Scaling questions ask you to rate specific situations in your life on a scale of zero through 10, with zero being the worst possible scenario and 10 being the best.6 You may also be asked to rate your overall happiness, or how severely you feel a specific problem affects your life. Your answers can give your therapist more insight into how to help you achieve your goals.
Because they use a number system, scaling questions can be especially helpful for people who have a hard time expressing their feelings. The answers to scaling questions given at the beginning of treatment can also be used as a baseline to measure progress.
Solution-focused brief therapy operates on the belief that regardless of the problem you’re facing, there are specific moments when it doesn’t have a negative impact on your life.7 In SFBT, these times are known as “exceptions.”
SFBT therapists are taught to assume that exceptions are the result of a solution-focused behavior you’re already using. For example, if you’re struggling with depression, your therapist might ask, “When have you felt the happiest recently?” Based on the answer, they may be able to point to what you were doing at the time that helped lessen your symptoms.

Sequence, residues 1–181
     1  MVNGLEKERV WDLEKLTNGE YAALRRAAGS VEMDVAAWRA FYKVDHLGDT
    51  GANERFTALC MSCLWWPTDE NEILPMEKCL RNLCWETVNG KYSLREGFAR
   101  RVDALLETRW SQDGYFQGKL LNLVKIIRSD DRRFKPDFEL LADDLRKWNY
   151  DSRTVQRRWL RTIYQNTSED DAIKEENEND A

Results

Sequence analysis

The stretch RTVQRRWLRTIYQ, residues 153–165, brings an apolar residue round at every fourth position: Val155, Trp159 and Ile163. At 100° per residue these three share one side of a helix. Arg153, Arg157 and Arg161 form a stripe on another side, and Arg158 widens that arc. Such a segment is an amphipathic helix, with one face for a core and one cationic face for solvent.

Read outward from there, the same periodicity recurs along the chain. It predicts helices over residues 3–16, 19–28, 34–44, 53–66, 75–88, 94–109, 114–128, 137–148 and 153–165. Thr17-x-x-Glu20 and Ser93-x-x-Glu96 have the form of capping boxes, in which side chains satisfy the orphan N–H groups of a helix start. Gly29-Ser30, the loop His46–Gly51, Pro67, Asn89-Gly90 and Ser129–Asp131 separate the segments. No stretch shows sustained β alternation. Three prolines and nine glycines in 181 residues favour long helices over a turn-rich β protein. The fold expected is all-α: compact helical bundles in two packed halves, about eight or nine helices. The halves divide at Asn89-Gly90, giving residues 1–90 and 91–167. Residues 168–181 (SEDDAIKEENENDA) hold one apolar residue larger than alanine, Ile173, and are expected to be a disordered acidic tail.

Exploring your life for exceptions gives both you and your therapist an idea of what tools are already working to resolve the problem. It also gives the therapist an opportunity to compliment coping skills you’re already using, which can help build confidence.
Benefits of solution-focused brief therapy
Solution-focused brief therapy has many benefits, including:
- Short-term treatment: SFBT is fast-paced and takes fewer sessions than most other types of therapy. That means it’s a shorter commitment and often more affordable.
- Fast changes: SFBT’s consistent focus on finding solutions usually means that changes in the client’s life start to happen quickly. Even if these changes are small at the beginning, they still help empower you and build your resiliency.
- Strengths-based: Instead revisiting past traumas and assessing perceived shortcomings, SFBT focuses on your strengths. This helps give clients the motivation and confidence they need to achieve their goals.
Is solution-focused brief therapy right for you?
If you’re experiencing a specific problem that affects you deeply, SFBT is worth exploring. It can be an especially good fit if you’re looking to make changes quickly in your life.
However, research shows that SFBT on its own may have limitations for people with severe mental health conditions.8 In those cases, longer-term therapeutic treatment may be more effective. Note that SFBT can be combined with other types of therapy.
To learn more about solution-focused brief therapy, browse our directory to find a licensed mental health professional near you.
About the author
The editorial team at therapist.com works with the world’s leading clinical experts to bring you accessible, insightful information about mental health topics and trends.